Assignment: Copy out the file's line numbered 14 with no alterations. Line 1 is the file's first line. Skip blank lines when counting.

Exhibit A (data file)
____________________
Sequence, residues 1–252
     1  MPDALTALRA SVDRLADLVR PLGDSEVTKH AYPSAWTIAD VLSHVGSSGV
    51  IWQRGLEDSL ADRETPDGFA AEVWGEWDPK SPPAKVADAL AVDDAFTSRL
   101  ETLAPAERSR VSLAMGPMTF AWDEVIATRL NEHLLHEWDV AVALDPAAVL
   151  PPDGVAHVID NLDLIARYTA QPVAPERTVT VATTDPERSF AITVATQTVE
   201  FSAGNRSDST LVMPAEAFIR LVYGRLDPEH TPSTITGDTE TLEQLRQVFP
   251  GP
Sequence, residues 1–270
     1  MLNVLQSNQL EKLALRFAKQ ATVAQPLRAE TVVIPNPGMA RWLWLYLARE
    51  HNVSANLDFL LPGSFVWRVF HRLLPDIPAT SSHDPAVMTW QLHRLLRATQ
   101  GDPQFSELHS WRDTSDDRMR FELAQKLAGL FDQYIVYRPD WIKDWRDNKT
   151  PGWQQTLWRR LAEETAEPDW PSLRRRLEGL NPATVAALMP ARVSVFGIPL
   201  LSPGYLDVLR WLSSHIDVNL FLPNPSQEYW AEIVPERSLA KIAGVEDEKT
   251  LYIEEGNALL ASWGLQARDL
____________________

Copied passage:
   251  LYIEEGNALL ASWGLQARDL